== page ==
U.S. drone strike kills Marine and Navy medic..

Marine Staff Sgt. Jeremy Smith, 26, and Navy medic Benjamin D. Rast, 23, were killed by a missile strike when Marine commanders in Afghanistan mistook them for Taliban, even though the analysts watching the Predator’s video feed were unable to confirm that the men were actually enemy fighters.

A 381-page Pentagon report concludes that the Marine officers on the scene and the Air Force crew in Terre Haute, Indiana whom were controlling the drone were unaware that analysts watching the firefight via live video at a third location were not sure about the targets’ identity.

It is unclear which Marine officer ordered the airstrike because the names in the report are redacted. A senior Marine officer familiar with the investigation said commanders at the battalion level would have the ultimate authority, not the lieutenant who led the platoon during the battle.

The missile attack occurred in April at 8:51 a.m. in Helmand province after Smith and his platoon came under enemy fire. The platoon had split up while trying to clear a road near the crossroads town of Sangin, an area in which Marines were engaged in nearly daily combat with insurgents.

Smith, Rast and another Marine had separated from the others and had taken cover behind a hedgerow, where they were firing on insurgents in a cluster of nearby buildings. The Predator drone’s infrared cameras picked up the heat signatures of the three men and detected muzzle flashes from their weapons as the fired at insurgents.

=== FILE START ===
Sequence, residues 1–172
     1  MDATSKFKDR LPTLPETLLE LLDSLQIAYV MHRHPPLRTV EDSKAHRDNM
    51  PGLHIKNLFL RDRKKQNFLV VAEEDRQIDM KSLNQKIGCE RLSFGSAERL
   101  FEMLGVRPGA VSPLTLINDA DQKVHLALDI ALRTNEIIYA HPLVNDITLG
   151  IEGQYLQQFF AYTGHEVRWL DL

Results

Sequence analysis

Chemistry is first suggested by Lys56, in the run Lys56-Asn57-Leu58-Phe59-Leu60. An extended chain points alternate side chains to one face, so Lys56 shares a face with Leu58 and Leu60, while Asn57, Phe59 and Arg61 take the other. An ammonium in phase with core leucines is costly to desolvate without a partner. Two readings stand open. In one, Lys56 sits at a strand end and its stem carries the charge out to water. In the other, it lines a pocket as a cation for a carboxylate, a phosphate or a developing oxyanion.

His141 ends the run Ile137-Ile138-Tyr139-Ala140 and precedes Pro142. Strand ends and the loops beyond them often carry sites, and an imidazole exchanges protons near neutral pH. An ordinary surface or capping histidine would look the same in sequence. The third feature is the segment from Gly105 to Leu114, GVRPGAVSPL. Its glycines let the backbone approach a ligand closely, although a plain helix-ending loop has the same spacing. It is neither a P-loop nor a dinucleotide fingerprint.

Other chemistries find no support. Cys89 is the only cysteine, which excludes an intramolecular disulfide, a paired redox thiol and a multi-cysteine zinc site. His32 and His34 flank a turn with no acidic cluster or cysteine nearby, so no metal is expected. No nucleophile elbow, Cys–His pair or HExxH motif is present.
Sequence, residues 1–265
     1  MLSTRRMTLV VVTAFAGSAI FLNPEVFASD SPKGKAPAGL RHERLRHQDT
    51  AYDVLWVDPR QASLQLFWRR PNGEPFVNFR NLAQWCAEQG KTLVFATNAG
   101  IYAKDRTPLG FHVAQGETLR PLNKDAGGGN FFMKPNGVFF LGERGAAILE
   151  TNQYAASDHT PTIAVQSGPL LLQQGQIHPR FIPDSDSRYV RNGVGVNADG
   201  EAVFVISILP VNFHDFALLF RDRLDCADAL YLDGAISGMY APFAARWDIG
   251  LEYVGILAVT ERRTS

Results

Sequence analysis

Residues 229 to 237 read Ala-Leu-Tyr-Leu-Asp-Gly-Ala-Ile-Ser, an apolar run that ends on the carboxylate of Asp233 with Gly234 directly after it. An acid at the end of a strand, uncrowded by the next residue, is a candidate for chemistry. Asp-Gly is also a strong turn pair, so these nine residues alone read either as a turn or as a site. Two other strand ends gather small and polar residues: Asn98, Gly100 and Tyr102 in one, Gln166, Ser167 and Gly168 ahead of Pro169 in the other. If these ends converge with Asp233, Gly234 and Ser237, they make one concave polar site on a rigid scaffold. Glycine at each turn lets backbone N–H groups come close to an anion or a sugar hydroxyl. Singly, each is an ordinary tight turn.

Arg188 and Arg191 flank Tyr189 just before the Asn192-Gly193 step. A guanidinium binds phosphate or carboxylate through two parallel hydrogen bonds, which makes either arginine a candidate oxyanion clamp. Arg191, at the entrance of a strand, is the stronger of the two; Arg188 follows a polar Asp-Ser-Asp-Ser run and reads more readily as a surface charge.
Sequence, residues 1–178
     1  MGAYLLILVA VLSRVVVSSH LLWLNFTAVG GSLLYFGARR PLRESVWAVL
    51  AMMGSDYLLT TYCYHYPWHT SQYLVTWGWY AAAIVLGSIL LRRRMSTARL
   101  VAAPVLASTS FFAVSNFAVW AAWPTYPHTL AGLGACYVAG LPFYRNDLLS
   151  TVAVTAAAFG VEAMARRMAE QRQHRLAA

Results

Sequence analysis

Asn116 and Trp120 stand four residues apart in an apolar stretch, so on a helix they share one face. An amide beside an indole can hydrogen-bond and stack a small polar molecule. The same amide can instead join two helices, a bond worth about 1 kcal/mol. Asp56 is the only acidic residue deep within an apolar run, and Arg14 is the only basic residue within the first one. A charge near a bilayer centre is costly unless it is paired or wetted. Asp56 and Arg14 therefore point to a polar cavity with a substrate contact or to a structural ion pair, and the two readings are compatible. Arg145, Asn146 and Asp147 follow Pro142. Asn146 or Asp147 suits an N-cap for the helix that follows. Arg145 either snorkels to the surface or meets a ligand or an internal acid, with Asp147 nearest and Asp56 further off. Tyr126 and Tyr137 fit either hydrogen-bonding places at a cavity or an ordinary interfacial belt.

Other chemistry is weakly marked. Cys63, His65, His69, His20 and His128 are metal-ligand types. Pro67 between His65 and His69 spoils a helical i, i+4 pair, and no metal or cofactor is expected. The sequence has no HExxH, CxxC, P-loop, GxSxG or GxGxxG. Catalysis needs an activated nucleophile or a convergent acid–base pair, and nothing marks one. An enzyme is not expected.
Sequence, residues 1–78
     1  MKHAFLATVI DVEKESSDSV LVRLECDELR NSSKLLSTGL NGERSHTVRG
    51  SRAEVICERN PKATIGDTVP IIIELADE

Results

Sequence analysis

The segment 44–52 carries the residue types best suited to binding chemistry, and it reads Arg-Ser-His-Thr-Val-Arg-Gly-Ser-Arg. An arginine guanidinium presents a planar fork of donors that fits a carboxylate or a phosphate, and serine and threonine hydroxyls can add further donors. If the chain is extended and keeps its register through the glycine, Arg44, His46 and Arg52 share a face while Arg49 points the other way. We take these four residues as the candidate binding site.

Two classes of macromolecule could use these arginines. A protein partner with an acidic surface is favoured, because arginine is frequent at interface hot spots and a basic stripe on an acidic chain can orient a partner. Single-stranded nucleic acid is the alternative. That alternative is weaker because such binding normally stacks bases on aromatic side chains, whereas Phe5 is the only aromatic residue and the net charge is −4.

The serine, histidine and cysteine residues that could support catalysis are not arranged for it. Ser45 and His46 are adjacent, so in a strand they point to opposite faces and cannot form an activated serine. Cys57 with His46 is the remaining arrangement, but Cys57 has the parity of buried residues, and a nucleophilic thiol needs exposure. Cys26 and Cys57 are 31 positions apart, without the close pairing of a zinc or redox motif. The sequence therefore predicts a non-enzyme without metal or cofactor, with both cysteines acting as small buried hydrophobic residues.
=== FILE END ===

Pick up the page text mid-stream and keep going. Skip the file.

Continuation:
Air Force analysts watching the live video noted that the gunfire appeared aimed away from the other Marines, who were behind the three. The analysts reported that gunshots were “oriented to the west, away from friendly forces,” the Pentagon report says. The Predator pilot in Nevada and the Marine commanders on the ground “were never made aware” of the analysts’ assessment.

Pentagon officials told Smith’s father that the combat veteran, on his fourth deployment, knew the airstrike was coming, but assumed the missile was aimed at a suspected Taliban position in a building 200 yards away. Smith declined to take cover in a canal with other Marines because he wanted to make sure the Predator hit the insurgent target.

The report blames the attack on a fatal mix of poor communications, faulty assumptions and “a lack of overall common situational awareness.” It recommends that a Marine lieutenant and two sergeants in Smith’s platoon be “formally counseled” and suggests detailed reviews of battlefield procedures, but it said no one involved in the attack was “culpably negligent or derelict in their duties.”

“The chain of events … was initiated by the on-scene ground force commander’s lack of overall situational awareness and inability to accurately communicate his friendly force disposition in relation to the enemy,” the report said.

In early 2009 a predator drone strike killed least 15 Afghan civilians after they were mistaken for a group of Taliban preparing to attack a U.S. special forces unit. Analysts located at an Air Force Special Operations Command in Florida who were watching live battlefield video from the aircraft’s high-altitude cameras warned that there were children present, but were disregarded by the drone operator and by an Army captain, who authorized the airstrike.

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